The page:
Berwick first entered the public spotlight in April 2010, when President Obama nominated him for the CMS post. But Berwick never went through the regular confirmation process. Instead, the president granted him a surprise recess appointment that July.

The president renominated him in January 2011, but it became apparent that he could not garner enough votes for Senate confirmation. That December, Berwick resigned. Now, he is pursuing office as an elected, rather than an appointed, official.

Berwick’s short tenure at CMS was defined by a series of controversial statements he made before his appointment. He defended both Britain’s National Health Service and government rationing of health care. Most famously, in a June 2009 interview, he stated that “the decision is not whether or not we will ration care — the decision is whether we will ration with our eyes open.”

After leaving CMS, Berwick said his comments were merely an attempt to argue for greater transparency in decision-making. “Someone, like your health-insurance company, is going to limit what you can get. That’s the way it’s set up,” he told the New York Times. “The government, unlike many private health-insurance plans, is working in the daylight,” he insisted. “That’s a strength.”

Unfortunately, Berwick himself, while head of CMS, went to great lengths to avoid transparency. He ducked reporters, in one instance even “exit[ing] behind a stage” to avoid press queries. Another time he went so far as to request a “security escort” to avoid questions.

Today, Berwick concedes his lack of transparency. According to a Politico report, he now “regrets listening to White House orders to avoid reaching out to congressional Republicans.”

The lack of transparency is endemic in the Obama administration. Case in point: the enactment of Obamacare. During his 2008 campaign, Barack Obama promised health-care negotiations televised on C-SPAN. Instead, we got a series of notorious backroom deals: the Cornhusker Kickback, the Louisiana Purchase, the Gator Aid.

“It’s an ugly process, and it looks like there are a bunch of backroom deals,” Obama feebly admitted in January 2010 — only to retreat again to the smoke-filled rooms two months later, where he cut the final deals to ram the legislation through Congress.

Obamacare is premised on the belief that government knows best. And those who share that belief all too often regard transparency and public accountability as inconveniences.

Consider the administration’s approach to regulating the proposed health-insurance “exchanges.” Obamacare requires state-based exchanges to “hold public meetings and input sessions,” but it fails to apply these same transparency standards to the federally run exchanges Washington will create in 33 states. The result: Many key questions remain unanswered.

Thus a law written in secret is being implemented in secret, with a maximum of opacity and a minimum of accountability from the administration.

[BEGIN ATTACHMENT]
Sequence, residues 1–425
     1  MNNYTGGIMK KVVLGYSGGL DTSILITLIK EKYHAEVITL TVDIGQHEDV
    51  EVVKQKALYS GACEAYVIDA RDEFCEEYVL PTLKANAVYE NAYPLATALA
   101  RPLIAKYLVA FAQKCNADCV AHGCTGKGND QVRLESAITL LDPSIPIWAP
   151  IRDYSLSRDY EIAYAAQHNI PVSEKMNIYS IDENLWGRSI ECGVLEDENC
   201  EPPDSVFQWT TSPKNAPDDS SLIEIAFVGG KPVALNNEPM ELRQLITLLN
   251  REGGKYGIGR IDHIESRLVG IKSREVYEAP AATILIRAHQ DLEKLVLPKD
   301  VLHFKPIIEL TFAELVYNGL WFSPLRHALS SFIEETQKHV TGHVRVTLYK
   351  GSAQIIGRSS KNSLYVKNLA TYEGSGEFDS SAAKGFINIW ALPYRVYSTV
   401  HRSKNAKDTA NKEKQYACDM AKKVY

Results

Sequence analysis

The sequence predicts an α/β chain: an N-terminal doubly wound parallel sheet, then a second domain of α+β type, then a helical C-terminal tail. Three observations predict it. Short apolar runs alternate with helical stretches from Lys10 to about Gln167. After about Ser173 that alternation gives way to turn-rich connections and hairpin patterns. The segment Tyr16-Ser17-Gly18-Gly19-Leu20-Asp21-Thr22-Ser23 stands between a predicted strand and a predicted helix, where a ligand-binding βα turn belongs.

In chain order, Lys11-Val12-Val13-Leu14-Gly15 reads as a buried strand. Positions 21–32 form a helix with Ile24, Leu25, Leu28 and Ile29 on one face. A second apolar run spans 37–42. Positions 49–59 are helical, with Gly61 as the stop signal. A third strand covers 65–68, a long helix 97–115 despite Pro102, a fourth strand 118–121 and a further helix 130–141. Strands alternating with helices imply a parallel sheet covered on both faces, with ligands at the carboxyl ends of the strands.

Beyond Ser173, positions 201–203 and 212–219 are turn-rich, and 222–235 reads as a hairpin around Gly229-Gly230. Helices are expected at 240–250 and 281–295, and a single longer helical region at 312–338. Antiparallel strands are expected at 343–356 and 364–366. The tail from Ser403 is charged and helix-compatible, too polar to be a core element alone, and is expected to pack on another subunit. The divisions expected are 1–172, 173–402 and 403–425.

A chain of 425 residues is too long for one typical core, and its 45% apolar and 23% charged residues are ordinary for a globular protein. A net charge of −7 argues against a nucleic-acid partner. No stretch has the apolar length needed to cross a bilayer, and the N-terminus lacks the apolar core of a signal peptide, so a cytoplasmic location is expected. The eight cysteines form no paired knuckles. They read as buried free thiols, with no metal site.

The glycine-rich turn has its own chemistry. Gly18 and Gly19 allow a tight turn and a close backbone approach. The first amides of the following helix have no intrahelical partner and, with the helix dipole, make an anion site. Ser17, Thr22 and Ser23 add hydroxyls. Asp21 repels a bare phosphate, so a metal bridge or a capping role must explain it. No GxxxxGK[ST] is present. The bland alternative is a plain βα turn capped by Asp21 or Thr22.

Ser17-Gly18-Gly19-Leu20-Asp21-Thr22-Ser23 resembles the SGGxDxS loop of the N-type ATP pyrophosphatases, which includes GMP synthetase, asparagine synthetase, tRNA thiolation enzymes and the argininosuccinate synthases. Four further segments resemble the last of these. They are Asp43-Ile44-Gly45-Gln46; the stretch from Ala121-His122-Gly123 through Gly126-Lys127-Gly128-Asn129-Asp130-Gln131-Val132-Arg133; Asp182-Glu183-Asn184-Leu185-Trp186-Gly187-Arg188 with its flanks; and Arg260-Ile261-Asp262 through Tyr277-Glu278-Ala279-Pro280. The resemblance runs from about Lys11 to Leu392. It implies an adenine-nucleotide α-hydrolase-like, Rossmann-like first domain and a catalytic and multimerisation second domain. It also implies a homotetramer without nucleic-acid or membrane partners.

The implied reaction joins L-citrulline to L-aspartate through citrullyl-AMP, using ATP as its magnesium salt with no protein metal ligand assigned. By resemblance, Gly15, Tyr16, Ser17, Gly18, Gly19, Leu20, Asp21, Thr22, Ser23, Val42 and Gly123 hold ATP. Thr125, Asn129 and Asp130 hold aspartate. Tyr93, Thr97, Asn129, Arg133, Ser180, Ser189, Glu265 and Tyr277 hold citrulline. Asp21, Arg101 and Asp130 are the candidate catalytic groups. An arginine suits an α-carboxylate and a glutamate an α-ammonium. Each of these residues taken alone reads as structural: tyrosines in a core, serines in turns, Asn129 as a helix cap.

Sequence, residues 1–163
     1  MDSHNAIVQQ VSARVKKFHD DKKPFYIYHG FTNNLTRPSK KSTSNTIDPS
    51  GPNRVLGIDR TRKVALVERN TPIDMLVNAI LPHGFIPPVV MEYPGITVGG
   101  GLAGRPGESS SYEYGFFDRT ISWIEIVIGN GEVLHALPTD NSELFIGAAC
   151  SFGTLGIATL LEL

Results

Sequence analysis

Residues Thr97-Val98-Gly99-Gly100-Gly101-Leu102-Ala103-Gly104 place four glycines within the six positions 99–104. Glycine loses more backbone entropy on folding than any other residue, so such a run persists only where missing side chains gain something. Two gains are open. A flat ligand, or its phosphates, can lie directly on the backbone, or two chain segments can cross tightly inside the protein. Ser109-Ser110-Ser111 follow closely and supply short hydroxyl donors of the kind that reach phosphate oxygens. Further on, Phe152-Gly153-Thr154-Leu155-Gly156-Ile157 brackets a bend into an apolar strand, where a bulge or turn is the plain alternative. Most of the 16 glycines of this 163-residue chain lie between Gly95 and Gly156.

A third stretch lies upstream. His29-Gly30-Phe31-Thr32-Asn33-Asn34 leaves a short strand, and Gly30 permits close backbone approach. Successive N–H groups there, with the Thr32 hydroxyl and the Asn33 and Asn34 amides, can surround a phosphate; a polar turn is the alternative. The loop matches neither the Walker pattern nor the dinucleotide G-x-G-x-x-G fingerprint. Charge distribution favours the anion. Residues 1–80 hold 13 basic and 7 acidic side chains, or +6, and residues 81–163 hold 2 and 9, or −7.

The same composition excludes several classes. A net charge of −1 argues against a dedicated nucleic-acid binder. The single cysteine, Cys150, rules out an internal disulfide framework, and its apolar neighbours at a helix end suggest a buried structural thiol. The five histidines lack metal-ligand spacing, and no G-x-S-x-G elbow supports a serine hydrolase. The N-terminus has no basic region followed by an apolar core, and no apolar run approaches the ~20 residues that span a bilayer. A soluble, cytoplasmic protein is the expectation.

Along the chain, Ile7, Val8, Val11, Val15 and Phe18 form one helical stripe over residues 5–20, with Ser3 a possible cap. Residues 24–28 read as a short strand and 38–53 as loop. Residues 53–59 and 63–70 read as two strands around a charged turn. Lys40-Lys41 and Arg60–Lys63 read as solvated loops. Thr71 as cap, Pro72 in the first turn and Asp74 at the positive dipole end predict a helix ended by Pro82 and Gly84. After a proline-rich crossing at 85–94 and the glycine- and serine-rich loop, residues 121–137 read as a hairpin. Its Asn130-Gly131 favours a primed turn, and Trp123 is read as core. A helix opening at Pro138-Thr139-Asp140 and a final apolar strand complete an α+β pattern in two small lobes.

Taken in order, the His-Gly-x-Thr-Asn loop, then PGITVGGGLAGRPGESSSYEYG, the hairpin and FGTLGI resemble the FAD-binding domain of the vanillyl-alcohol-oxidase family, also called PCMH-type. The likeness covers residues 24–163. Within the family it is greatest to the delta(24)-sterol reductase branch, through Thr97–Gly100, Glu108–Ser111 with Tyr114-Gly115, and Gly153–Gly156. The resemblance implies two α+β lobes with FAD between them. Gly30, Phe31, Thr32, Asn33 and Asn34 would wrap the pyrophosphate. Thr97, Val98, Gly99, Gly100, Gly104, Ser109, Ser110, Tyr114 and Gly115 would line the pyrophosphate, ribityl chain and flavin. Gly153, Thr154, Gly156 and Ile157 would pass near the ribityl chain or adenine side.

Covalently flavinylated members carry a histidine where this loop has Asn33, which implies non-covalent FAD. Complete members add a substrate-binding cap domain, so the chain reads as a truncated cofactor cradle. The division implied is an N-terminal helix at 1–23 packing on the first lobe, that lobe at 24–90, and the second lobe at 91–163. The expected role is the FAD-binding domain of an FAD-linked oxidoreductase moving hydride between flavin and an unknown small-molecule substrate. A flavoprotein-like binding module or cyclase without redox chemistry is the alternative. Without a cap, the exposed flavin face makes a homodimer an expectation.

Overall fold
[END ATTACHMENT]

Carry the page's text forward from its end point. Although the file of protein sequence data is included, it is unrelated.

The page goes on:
This post was originally published at National Review.

Big Hospitals’ Obamacare Deal Betrays Seniors and the Poor

A backroom deal made during the writing of Obamacare will harm seniors and the poor, according to The Wall Street Journal (WSJ).

During their closed-room dealings with the Obama Administration, the hospital industry’s lobbyists agreed to support Obamacare—provided that the law placed restrictions on physician-owned “specialty” hospitals, noted WSJ. These innovative specialty hospitals frequently have quality outcomes better than most traditional facilities, but no matter—the big hospital lobbyists wanted to eliminate a source of competition. So Obamacare prohibits new physician-owned hospitals from receiving Medicare payments — and prohibits most existing facilities from expanding if they wish to keep treating Medicare patients.

WSJ highlighted the actions specialty hospitals have been forced to take in response to these Obamacare restrictions:

Forest Park Medical Center in Dallas has stopped accepting Medicare patients, allowing it to escape the law’s restrictions entirely…. Rejecting Medicare ‘was a big leap, but we felt like the law gave us no choice,’ said J. Robert Wyatt, a Forest Park founder….

Other doctor-owned facilities are asking the federal government to let them duck the law’s restrictions altogether. Doctors Hospital at Renaissance near McAllen, Texas, is trying to get a waiver allowing it to expand as more than 53% of its payments come through the Medicaid federal-state insurance program for the poor.

In other words, because hospital lobbyists cut a backroom deal to support Obamacare, seniors and low-income patients have fewer health care options. Think that these examples of Americans losing access to care would prompt the hospital-industrial complex to reconsider its backroom deal? Not a chance:

Any effort to undo the expansion limits faces an uphill battle with Democrats, because the restrictions were a deal-breaker for hospitals when the White House sought their support for the law in 2009, industry lobbyists say.

Obamacare’s backroom deals (the “Louisiana Purchase,” the “Gator Aid,” and the “Cornhusker Kickback”) represented the worst in politics—well-heeled lobbyists seeking to obtain government largesse through pork-barrel spending and regulatory loopholes. The Wall Street Journal story reminds us how those backroom deals have real-world consequences when it comes to medical access—another example of how Obamacare has harmed patient care.

This post was originally published at The Daily Signal.